Months after the president stepped in to save the Yazidis from genocide, the airstrikes have slowed to a trickle. Supplies have dried up. And ISIS is closing in on Mount Sinjar again.
In August, the Obama administration intervened to stop what it called a pending genocide of Yazidi minorities in Iraq. Now the U.S. is gone, but the genocide continues.
Thousands of Yazidis remain stranded and starving on Mount Sinjar while thousands more have been sold off into slavery by ISIS, according to Yazidi leaders, several of whom are in Washington to beg for urgent assistance.
When President Obama announced U.S.-led airstrikes in Iraq in early August, he said the mission was twofold: to protect U.S. personnel in Erbil and to save the ethnic Yazidis from ISIS, who had fled from their villages, chased by ISIS, and were stranded on the mountain with no food, no supplies, and no protection.
"People are starving. And children are dying of thirst. Meanwhile, ISIL forces below have called for the systematic destruction of the entire Yazidi people, which would constitute genocide,” said Obama. "And when we have the unique capabilities to help avert a massacre, then I believe the United States of America cannot turn a blind eye. We can act, carefully and responsibly, to prevent a potential act of genocide. That’s what we’re doing on that mountain.”
At first, international airstrikes and humanitarian airdrops somewhat alleviated the Yazidi crisis and opened up an escape corridor for many Yazidis to flee. But in October, the United States turned to other parts of the battle, leaving the Yazidis largely to fend for themselves. ISIS has now surrounded Mount Sinjar again, trapping approximately 10,000 Yazidis there. Meanwhile, ISIS forces are taking over Yazidi villages near the mountain one after another, killing the men and selling the women and children into the slave trade.
"The Yazidis are trapped on the mountain, surrounded by ISIS, and there is no pathway to reach them,” Nuri Khalaf Elias, leader of the Hababa tribe in Sinjar, told The Daily Beast. "There is a shortage of food, there is little aid, and they are in a dire situation.”
Elias is part of a large delegation of Yazidi leaders who came to Washington last week, led by Baba Sheikh Khurto Hajji Ismail, the leader of the Yazidi Supreme Religious Council. They met with senior White House and State Department officials and pleaded for the U.S. government and the U.S. military to turn their attention back to the Yazidi crisis.
The delegation met with, among others, Deputy National Security Adviser Ben Rhodes, Undersecretary of State for Civilian Security, Democracy, and Human Rights Sarah Sewall, and Ambassador Luis CdeBaca, who leads the State Department’s Office to Monitor and Combat Trafficking in Persons.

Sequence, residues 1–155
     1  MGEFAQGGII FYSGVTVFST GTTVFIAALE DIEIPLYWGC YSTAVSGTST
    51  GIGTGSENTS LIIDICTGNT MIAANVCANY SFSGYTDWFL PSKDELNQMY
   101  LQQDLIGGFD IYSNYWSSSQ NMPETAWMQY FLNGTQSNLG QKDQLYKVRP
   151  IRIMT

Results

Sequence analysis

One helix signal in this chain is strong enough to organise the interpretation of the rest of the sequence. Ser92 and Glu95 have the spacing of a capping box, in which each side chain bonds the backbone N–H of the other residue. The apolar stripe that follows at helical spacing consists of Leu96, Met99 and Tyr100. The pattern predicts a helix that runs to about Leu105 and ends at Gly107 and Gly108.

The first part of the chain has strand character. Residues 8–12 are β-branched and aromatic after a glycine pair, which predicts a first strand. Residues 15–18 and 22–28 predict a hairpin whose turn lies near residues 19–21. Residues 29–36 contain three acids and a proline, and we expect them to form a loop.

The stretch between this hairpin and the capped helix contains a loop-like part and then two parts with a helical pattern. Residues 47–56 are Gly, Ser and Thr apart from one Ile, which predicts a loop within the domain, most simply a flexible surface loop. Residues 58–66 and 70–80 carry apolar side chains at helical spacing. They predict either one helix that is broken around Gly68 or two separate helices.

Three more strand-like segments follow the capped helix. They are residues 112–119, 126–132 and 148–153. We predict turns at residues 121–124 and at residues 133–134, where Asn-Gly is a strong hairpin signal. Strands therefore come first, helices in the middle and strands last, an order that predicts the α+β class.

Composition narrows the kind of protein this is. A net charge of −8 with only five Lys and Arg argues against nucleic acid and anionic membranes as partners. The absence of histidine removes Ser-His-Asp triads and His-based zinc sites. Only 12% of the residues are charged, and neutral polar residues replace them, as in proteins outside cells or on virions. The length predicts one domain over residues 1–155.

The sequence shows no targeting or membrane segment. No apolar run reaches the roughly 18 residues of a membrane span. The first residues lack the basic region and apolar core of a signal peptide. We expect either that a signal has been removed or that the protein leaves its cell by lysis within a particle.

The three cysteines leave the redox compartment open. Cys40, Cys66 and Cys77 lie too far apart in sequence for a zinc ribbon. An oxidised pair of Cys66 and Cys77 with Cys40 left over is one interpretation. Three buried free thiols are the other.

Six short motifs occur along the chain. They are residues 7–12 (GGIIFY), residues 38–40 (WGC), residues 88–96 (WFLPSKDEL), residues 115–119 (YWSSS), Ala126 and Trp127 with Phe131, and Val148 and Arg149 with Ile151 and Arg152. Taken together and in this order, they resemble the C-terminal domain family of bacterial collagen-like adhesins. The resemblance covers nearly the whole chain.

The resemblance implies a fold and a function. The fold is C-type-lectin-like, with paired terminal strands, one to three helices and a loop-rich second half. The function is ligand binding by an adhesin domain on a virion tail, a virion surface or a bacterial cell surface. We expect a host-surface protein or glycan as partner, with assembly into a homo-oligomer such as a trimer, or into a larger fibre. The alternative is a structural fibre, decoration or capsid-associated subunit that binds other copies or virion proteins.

"Our hostages, children, women, and girls, between 4,000 and 5,000 of them, have been captured by ISIS and sent to other areas. We need help to rescue these hostages,” said Sameer Karto Babasheikh, the son of the Yazidi Supreme Religious Council leader. "In Mosul, they opened a market to sell Yazidi girls. Some of them ended up in Fallujah, some of them were taken to Saudi Arabia and Raqqa in Syria.”
On the mountain, between 6,000 and 7,000 civilians and between 2,000 and 3,000 Yazidi fighters are still trapped and struggling to stay alive, cut off from any supply routes, the Yazidi leaders said. Since the airstrikes trailed off to a trickle in October, ISIS has taken over the five remaining Yazidi towns near Mount Sinjar, killing hundreds of civilians and abducting hundreds more.
Even the humanitarian airdrops have halted. The Iraqi government provided two helicopters to deliver aid, but they are old and fly only once or twice a week, Babasheikh said. About 100 Kurdish Peshmerga fighters are on the mountain, he added, but they don’t engage ISIS. The extremist group continues to fight to take the mountain once and for all, and the situation on Mount Sinjar could go from dire to catastrophic within a couple of weeks, the Yazidi leaders said.
"President Obama promised that they are not going to let ISIS get any more land, that they are not going to let them get another genocide on the Yazidis. But this is going to be worse than in August,” said Kamal Elias, a Yazidi activist who is part of the delegation. "If ISIS gets to the mountain, all of these people are going to be slaughtered, and then it’s going to take years for the U.S. or anyone else to get them out of the mountain.”
For the Yazidis, this ISIS attack is only the latest in a long history of Sunni Iraqi attempts to drive the Yazidis from their land and extinguish their religion in Iraq.
"Most of the ISIS members are from the towns around ISIS,” he said. "They were our neighbors. We lived with them for hundreds of years. Now all of a sudden they are ISIS. They joined ISIS.”
The Yazidis blame several parties for their plight. They blame the government of Iraq for not protecting them for years, they blame the Kurdish forces for fleeing Mount Sinjar without fighting ISIS this summer, and they blame the United States for starting the air war against ISIS and then appearing to lose interest, giving ISIS the idea that it can act against the Yazidis with impunity.
"We thank President Obama because he started the operation, but we were expecting he would not stop until clearing the area of ISIS,” said Ali Khalaf, a Yazidi dentist from Iraq who now lives in Germany.
American officials all promised the Yazidis during their visit that they would make their humanitarian crisis a priority for the U.S. government in the context of its strategy to fight ISIS and overall policy toward Iraq. But officials gave the delegation no specific commitments and made no concrete promises of increased U.S. assistance.